We're talking about a man with a 0.79 postseason ERA this year, a man who has joined six other starters to win four games in one postseason, a man who has risen to meet every October moment he has ever been allowed to meet.

So why would this one be any different?

OK, we know all the arguments: Since 1999, other pitchers have made 15 starts on three days' rest and gone 1-9, with a 9.73 ERA. The lone win was by a changeup guy, Jamie Moyer, two weeks ago in Game 5 of the Division Series. And Moyer was pitching against another guy on three days' rest -- Chuck Finley.

Curt Schilling is no Jamie Moyer. But he isn't other pitchers, either.

"He's a workhorse," said catcher Damian Miller, "an absolute workhorse. Randy is, too. But Curt's one of those Bob Gibson-type guys. He just wants the baseball. Then he gets it, he rears back and he gets you out."

Gibson, as a matter, of fact, is the last pitcher to win Games 1, 4 and 7 of the same World Series -- all the way back in 1967. (Mickey Lolich is actually the last to win three starts, winning Games 2, 5 and 7 in 1968).

The second-guessers would say here that Gibson and Lolich did that after a lifetime of starting on three days' rest. And Schilling has spent a lifetime starting on four days' rest. But he is still a pitcher who comes right out of a '60s time warp. Heck, even his cap looks like he's been wearing it since the '60s.

"He's told me many times," said Arizona GM Joe Garagiola Jr., "that every time he takes the mound, he takes it with the idea of finishing what he starts, of pitching all nine innings. That's an attitude you just don't see much anymore. There are a lot of pitchers out there who think if they've gone six, they've done their job."

We know the other argument against this move is that Schilling, for all intents and purposes, has never started in the big leagues on short rest. The only time he did, this July 21, it came after a light tower short-circuited on him after two innings in San Diego three days earlier, causing Johnson to finish that game the next day in relief.

"So I guess that means he'll go out and pitch two (Wednesday)," the Unit joked, "and then I'll go in the next day and punch out 16 in relief."

Uh, we'd bet against that one. But Johnson has made enough career starts on three days' rest (10) that he understands that doing it this time of year is actually easier, in some ways, than doing it in May or August.

Curt Schilling
Curt Schilling is 4-0 with a 0.79 ERA in four postseason starts heading into Wednesday's Game 4.

"Obviously, the circumstances are a little different in a World Series," the Unit said. "And things you don't think you're really able to do during the regular season, you can do. Adrenaline is a wonderful thing if you know how to channel it. You can make it work for you.

"Curt only threw 102 pitches the other day. I don't think that's even an issue in whether he's effective. It's just something where he's had his mind set to pitch Game 4. I think he's prepared to do it -- and has been preparing to do it. ... And as long as that mind-set is there, sometimes you're able to do physical things you couldn't ordinarily because your mind-set allows you to do it."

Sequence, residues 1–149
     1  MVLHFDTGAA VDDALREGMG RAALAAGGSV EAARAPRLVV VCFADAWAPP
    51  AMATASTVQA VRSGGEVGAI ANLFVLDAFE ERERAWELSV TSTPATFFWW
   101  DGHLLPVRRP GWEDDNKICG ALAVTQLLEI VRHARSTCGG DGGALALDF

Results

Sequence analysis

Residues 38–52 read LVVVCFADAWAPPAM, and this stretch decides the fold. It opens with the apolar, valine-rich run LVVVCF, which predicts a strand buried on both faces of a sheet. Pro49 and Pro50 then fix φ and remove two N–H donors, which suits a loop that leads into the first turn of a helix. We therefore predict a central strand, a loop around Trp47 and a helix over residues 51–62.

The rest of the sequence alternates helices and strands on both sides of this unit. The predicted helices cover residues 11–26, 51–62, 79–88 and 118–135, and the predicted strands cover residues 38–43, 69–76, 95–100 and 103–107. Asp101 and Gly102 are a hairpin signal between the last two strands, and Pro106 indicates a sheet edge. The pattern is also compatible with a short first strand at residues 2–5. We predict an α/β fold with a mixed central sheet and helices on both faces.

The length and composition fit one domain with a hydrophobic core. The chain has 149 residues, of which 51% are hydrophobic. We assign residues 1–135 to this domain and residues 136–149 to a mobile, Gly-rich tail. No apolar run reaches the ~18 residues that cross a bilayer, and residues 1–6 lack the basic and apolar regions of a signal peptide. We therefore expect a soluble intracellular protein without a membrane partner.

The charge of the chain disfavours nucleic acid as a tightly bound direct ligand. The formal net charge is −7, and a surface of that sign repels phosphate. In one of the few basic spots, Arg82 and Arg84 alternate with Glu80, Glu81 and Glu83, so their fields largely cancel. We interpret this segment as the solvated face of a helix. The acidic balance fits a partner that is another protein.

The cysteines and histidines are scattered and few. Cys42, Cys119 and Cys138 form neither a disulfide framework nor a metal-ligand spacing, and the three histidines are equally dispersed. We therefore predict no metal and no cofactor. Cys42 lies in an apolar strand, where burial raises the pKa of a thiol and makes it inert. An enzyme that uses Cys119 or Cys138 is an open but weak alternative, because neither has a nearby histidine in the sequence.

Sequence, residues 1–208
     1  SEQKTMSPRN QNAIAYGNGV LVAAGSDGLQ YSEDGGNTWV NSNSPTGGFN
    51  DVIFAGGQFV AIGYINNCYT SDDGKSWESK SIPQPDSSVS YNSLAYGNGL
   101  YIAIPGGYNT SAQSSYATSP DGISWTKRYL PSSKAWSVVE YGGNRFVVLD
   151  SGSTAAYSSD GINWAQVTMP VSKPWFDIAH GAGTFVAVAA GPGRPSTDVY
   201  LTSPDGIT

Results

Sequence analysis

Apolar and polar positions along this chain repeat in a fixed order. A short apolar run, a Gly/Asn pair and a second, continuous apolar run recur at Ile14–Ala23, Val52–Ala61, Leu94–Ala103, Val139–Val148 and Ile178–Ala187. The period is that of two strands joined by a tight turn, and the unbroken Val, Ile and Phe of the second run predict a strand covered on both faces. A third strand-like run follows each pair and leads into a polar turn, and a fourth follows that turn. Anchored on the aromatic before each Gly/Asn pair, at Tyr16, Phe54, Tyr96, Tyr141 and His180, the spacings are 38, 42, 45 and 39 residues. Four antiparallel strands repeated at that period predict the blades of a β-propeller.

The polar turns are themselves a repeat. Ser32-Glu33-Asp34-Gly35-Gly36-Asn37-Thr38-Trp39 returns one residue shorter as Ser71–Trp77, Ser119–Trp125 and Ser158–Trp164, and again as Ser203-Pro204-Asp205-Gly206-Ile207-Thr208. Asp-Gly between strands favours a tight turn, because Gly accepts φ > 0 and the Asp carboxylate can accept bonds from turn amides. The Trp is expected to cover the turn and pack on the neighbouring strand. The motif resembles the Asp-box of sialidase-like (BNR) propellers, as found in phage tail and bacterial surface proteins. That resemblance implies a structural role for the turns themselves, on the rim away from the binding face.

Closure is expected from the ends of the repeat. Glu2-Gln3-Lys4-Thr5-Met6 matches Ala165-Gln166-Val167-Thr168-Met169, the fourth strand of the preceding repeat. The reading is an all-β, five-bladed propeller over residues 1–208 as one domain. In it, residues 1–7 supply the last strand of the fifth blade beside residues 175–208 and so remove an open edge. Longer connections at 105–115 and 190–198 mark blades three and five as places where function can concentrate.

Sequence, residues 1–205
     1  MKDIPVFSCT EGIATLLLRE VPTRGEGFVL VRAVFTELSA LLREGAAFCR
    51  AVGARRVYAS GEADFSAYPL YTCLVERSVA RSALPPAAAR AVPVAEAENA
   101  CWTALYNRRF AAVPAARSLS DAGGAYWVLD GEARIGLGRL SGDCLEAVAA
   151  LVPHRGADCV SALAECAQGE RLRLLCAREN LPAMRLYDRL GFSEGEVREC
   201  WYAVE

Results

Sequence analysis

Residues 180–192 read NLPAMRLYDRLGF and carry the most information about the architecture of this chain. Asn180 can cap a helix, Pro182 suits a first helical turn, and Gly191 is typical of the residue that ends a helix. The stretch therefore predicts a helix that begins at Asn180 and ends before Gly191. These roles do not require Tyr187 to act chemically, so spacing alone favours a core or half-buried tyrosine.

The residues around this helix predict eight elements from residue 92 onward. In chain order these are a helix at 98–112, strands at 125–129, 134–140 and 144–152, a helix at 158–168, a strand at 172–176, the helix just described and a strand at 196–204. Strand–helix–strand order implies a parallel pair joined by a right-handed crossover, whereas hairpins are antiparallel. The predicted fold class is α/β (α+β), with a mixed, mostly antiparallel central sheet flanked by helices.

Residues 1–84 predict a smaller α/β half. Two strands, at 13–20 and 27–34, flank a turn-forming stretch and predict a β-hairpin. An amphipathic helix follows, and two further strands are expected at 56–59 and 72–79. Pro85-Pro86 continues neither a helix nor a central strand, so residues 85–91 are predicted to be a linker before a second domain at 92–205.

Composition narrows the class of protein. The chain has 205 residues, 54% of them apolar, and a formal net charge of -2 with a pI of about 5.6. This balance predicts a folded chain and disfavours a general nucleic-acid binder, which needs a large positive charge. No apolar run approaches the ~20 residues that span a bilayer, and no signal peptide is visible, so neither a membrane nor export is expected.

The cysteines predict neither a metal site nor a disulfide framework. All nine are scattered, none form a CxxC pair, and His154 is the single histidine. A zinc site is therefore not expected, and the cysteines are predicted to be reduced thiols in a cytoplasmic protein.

Don't tell us power pitchers can't come back on short rest, because the last time Johnson did it, in the '97 Division Series, he struck out 13 Orioles in eight innings. John Smoltz beat the Pirates on three days' rest in the '92 playoffs.

Stewart blew away the Red Sox on three days' rest in the '90 playoffs. And Morris was pitching on three days' rest the night he pitched one of the great World Series games of modern times, throwing 10 shutout innings against the Braves to win Game 7 of the '91 World Series.

Those guys weren't exactly knuckleballers. And we're not talking about the '50s. All of those performances took place in the '90s. If they can do it, Curt Schilling can do it.

The other reason Schilling is capable of doing this is that he's not just a guy throwing 90 percent fastballs anymore. His repertoire is more diverse than ever. His understanding of how to use it is better than ever.

"Obviously, his fastball is so good, he's still a power pitcher," Miller said. "But he's a four-pitch pitcher now. He can finesse you. He can power you. He can do it all now. And that's why he's moved up into that elite class of pitchers. He can do it all."

Had Brenly gone the other direction and then seen this World Series stretch to a seventh game, who would he rather have out there in Game 7 -- Schilling or Brian Anderson? As well as Anderson pitched Tuesday, even he would rather see Schilling out there, under any scenario.

"The thing about Curt is, he's such a team guy," Grace said, "that we know he wouldn't take the baseball if he wasn't ready. He wouldn't put us in that predicament if he's not ready."

Oh, he's ready, all right. And he couldn't be more willing if he'd rented a billboard at Yankee Stadium to announce it. And he might be more able to outduel El Duque Hernandez on short rest than he would have to outpitch Mike Mussina on regular rest the next day.

So Bob Brenly has taken a chance well worth taking. And just by taking it, he's made this one of the most intriguing World Series in years.

They say the beauty of baseball is that it's so ripe for second-guessing. Well, if that's true, then what we have here right now is one beautiful World Series.

Jayson Stark is a senior writer for